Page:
Thus, for Aadhaar numbers to be mandatorily linked to bank accounts for customer authentication, the parliament has to amend the PMLA as it did with the Income Tax Act. Till then, the limitations of Section 7 of the Aadhaar Act will rule the field and the government cannot circumvent the provision by using its rule-making powers under different legislations.  

Blocking access to bank accounts? 

The second aspect of the Prevention of Money-laundering (Maintenance of Records) (Second Amendment) Rules, 2017 is the requirement for banks to block access to those bank accounts of those customers who do not link their Aadhaar numbers to their accounts. Rule 17(c) states:

“In case the client fails to submit the Aadhaar number and Permanent Account Number within the aforesaid six months period, the said account shall cease to be operational till the time the Aadhaar number and Permanent Account Number is submitted by the client.”

This rule is without doubt unconstitutional because the parliament did not delegate to the central government the right to block bank accounts and deprive Indian citizens of their property.

In its preamble, the PMLA (Maintenance of Records) Second Amendment Rules, 2017 clearly identifies the source of its power as “sub-section (1) read with clause (h), clause (i), clause (j) and clause (k) of sub-section (2) of section 73 of the Prevention of Money-laundering Act, 2002”. None of those provisions in Section 73 of the PMLA Act allow the central government to make rules that allow it to block access to bank accounts. Those provisions only allow the central government to make rules regarding the maintenance of financial records. Blocking access to bank accounts are akin to property seizures and will in effect violate the constitutional right to property under Article 300A.

The PMLA does have extensive provisions on attachment or freezing of assets that are suspected or proven to be the fruits of money laundering or criminal activity. However, this process is quite complicated and requires a reasoned order by certain designated officers of the central government. It is simply absurd for the government to claim powers to automatically block access to bank accounts for failing to link Aadhaar numbers to bank accounts.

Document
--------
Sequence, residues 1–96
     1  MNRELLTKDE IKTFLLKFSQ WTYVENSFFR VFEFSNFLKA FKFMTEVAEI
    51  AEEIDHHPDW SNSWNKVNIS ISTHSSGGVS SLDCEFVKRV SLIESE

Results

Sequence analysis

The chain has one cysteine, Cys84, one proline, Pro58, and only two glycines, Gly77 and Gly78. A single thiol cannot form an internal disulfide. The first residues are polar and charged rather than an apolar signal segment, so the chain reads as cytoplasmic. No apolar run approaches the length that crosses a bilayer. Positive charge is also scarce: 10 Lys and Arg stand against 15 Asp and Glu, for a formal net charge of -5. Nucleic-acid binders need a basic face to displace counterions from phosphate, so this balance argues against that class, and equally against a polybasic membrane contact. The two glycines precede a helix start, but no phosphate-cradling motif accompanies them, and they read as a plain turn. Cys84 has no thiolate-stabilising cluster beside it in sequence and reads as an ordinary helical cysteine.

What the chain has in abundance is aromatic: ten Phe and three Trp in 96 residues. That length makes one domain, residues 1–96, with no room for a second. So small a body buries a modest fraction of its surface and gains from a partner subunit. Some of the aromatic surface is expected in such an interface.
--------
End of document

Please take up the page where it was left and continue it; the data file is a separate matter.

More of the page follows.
Modi sarkar and rule-making powers

Over the last month, the Modi government has increasingly used its rule-making powers under various laws in a manner which is contrary to the law of the land. The first instance was the highly controversial Prevention of Cruelty to Animals (Regulation of Livestock Markets) Rules, 2016, which were notified under the Prevention of Cruelty Act. One law professor described these rules as “… a constitutional misadventure on multiple grounds involving fundamental rights, separation of powers and federalism”. The constitutionality of the rules have been challenged before the Supreme Court.

The second instance were the “Tribunal, Appellate Tribunal and other Authorities (Qualifications, Experience and other Conditions of Service of Members) Rules, 2017. These rules were notified under Section 184 of the Finance Act, 2017 and as I argued in a previous piece, these rules are most certainly in violation of the law. The Madras Bar Association has now challenged the constitutionality of these rules before the Madras high court.

The PMLA (Maintenance of Records) (Second Amendment Rules), 2017 are thus the third instance of the government overstepping its boundaries. The question now is whether the government is getting the correct legal advice with regard to its rule-making powers or is it the case that the government is feeling confident enough to ignore legal advice?    

Prashant Reddy T. is a research associate at the School of Law, Singapore Management University.